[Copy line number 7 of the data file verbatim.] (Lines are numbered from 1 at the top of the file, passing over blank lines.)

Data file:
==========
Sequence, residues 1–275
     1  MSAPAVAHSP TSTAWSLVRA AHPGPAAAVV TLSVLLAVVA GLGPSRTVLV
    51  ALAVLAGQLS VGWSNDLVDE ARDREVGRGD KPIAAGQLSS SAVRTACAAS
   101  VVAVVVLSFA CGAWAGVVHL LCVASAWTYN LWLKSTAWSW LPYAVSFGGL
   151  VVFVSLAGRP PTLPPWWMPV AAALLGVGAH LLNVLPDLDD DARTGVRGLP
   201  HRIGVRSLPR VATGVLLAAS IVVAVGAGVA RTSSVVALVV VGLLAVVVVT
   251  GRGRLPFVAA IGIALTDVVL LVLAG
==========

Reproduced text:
   251  GRGRLPFVAA IGIALTDVVL LVLAG